Question about Panasonic Lumix DMC-FZ7 Digital Camera

2 Answers

Close up shots won't auto focus.the lens trys to adjust but the final setting is out of focus. the camera works fine on subjects at least 2 feet away

Posted by on

  • bookjamm Apr 16, 2009

    I think I have the same problem. I was taking photos of my jewelry on the macro setting and it was working great. Then the photos started looking blurry even though the lighting and settings were the same as before. I thought maybe I had changed a setting, so I went through the entire manual and did not really find anything that would be causing this. When I take the photo (camera on small tripod) the LCD screen shows the picture taking but out of focus and it takes a second or sometimes much longer for the LCD screen to finish and be ready for the next picture. When I noticed the camera doing this is when the photos started showing up blurry. The longer the camera hesitates, the more blurry the photo will be. Is there something wrong with my camera?

×

2 Answers

  • Level 1:

    An expert who has achieved level 1.

    Mayor:

    An expert whose answer got voted for 2 times.

  • Contributor
  • 2 Answers

Try using the little throttle that is located just below your on/off switch. if you push that either up/down, it should help you manually focus your subject. It is actually a really fun feature to play around with.

Posted on Mar 14, 2009

  • Level 1:

    An expert who has achieved level 1.

  • Contributor
  • 1 Answer

I have the FZ8, lovely camera. I use mine a lot to take very close up shots (12x - 48x zoom) of work related Items.

To overcome the problem you might find (surprisingly) you are too close to the subject. Move the camera and tripod further away and try and focus again, if it does the same thing, move further away.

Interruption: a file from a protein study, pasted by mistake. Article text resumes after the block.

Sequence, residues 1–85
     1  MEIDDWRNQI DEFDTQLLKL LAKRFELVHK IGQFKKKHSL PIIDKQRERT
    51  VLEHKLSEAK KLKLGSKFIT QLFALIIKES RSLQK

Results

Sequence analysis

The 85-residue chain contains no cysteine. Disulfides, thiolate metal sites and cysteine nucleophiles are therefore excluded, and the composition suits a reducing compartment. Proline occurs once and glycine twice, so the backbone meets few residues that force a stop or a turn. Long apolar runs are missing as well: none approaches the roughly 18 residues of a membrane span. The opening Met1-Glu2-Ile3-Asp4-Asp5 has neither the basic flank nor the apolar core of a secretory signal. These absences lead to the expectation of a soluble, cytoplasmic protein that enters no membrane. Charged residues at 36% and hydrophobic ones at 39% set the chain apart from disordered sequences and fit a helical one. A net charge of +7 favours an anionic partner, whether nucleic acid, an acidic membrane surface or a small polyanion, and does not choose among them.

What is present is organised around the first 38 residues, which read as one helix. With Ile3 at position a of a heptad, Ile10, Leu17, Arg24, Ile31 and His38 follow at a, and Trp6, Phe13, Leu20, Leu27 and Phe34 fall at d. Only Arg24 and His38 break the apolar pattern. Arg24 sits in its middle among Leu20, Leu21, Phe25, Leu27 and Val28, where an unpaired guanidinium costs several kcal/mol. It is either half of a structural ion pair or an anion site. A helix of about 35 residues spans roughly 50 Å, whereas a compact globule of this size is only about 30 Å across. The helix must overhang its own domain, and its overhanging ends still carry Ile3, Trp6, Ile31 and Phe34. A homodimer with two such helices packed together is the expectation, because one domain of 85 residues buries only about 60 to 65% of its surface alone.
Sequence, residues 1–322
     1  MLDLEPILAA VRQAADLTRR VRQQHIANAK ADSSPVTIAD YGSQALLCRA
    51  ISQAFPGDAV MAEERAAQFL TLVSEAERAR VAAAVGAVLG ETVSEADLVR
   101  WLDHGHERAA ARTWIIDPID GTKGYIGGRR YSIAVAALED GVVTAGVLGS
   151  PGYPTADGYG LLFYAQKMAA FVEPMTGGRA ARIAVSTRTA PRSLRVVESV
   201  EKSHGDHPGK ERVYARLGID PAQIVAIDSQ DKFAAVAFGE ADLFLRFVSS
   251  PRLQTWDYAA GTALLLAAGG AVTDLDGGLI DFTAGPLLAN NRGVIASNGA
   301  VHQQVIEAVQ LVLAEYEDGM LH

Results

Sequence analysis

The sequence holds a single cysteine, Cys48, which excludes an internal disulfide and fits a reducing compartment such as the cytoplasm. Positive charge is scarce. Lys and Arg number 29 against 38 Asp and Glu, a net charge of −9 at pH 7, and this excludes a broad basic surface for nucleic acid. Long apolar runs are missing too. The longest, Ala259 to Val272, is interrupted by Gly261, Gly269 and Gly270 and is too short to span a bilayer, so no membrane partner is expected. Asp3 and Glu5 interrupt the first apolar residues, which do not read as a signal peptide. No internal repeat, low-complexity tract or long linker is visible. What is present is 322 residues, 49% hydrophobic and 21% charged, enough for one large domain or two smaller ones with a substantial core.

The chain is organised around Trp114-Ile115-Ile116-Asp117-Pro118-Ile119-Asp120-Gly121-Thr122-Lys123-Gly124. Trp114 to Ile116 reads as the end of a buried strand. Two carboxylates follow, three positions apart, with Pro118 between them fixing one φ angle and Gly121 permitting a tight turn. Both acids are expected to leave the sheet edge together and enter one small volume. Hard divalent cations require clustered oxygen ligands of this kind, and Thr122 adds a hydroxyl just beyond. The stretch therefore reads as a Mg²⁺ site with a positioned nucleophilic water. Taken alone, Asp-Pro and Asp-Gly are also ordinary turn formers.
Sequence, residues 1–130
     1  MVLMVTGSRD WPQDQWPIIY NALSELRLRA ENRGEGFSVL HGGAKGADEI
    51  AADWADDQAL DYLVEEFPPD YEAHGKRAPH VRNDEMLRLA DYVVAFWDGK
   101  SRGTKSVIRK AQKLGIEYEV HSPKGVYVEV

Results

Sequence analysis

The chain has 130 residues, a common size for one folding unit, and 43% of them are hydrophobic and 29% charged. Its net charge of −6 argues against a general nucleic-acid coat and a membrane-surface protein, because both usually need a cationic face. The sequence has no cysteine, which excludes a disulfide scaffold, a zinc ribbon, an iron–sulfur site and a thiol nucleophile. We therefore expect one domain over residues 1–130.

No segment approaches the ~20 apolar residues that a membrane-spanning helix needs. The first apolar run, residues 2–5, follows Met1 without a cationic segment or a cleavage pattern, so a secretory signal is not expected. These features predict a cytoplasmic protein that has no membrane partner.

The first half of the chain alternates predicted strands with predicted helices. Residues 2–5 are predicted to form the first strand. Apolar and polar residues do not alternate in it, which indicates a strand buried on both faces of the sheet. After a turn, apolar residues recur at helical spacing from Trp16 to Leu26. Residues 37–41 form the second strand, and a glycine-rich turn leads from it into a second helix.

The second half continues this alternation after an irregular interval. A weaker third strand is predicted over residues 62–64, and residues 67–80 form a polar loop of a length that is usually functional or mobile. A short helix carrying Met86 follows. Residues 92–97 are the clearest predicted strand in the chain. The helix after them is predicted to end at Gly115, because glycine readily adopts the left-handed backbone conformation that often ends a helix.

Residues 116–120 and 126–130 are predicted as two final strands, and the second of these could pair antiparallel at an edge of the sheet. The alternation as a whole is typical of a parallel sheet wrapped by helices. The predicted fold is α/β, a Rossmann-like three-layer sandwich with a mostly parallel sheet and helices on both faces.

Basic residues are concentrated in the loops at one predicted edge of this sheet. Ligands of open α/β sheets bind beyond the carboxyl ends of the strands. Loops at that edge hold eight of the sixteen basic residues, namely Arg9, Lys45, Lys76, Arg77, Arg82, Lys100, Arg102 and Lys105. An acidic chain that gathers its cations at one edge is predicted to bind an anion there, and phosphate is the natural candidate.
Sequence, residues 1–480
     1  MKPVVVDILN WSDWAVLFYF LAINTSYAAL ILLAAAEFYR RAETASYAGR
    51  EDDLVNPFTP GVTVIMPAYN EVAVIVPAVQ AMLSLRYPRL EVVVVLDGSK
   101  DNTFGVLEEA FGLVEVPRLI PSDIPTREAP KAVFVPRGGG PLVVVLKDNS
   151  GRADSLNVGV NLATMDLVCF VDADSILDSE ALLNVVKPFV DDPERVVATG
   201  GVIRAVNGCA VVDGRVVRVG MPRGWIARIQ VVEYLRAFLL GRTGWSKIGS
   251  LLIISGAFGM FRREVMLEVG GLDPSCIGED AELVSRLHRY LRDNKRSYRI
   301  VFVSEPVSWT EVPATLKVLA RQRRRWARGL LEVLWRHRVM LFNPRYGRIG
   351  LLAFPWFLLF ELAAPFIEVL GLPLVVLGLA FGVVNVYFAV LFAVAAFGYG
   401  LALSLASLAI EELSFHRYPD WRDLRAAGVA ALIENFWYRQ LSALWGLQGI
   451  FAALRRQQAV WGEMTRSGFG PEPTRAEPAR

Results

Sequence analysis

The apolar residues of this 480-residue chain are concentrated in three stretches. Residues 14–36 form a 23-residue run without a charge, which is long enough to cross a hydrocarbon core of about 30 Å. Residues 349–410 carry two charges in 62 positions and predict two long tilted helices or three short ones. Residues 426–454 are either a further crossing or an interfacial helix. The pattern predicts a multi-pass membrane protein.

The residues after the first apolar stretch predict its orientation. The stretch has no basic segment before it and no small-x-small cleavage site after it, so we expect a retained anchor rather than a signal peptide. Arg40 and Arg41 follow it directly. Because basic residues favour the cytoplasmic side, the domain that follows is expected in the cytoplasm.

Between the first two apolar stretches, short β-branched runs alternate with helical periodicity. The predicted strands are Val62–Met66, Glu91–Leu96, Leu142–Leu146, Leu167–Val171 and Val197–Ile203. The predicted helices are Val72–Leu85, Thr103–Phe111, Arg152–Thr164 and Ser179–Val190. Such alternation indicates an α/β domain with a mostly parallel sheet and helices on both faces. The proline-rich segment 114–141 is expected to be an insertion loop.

As an example if I am trying to focus using this camera on Macro and at 12x optical + 4 x digital zoom I am sometimes 4 - 6 feet away from the subject. Worked for me.

Regards

Jeff

Posted on May 11, 2009

1 Suggested Answer

6ya6ya
  • 2 Answers

SOURCE: I have freestanding Series 8 dishwasher. Lately during the filling cycle water hammer is occurring. How can this be resolved

Hi,
a 6ya expert can help you resolve that issue over the phone in a minute or two.
best thing about this new service is that you are never placed on hold and get to talk to real repairmen in the US.
the service is completely free and covers almost anything you can think of (from cars to computers, handyman, and even drones).
click here to download the app (for users in the US for now) and get all the help you need.
goodluck!

Posted on Jan 02, 2017

Add Your Answer

Uploading: 0%

my-video-file.mp4

Complete. Click "Add" to insert your video. Add

×

Loading...
Loading...

Related Questions:

2 Answers

The auto focus does not work properly with this lens on either my Nikon D5000 or D7000. I have tried all possible combinations of AF settings. Typicaly, when I use single point to focus, the subject I...


Hi, It wouldn't autofocus on the D5000 as the body doesn't have an auto focus motor in the body and since that lens is AF, not AF-S, it won't autofocus. It should autofocus on the D7000 though, how far away are you from the object you're trying to photograph?

Aug 28, 2011 | Tamron SP AF 17-50mm f/2.8 XR Di II LD...

1 Answer

I have a canon 40D and it will not shoot in auto focus .. was working fine today and just stopped. will not do anything set on AF but in manuel it will ,,, Help !


A couple of possible reasons: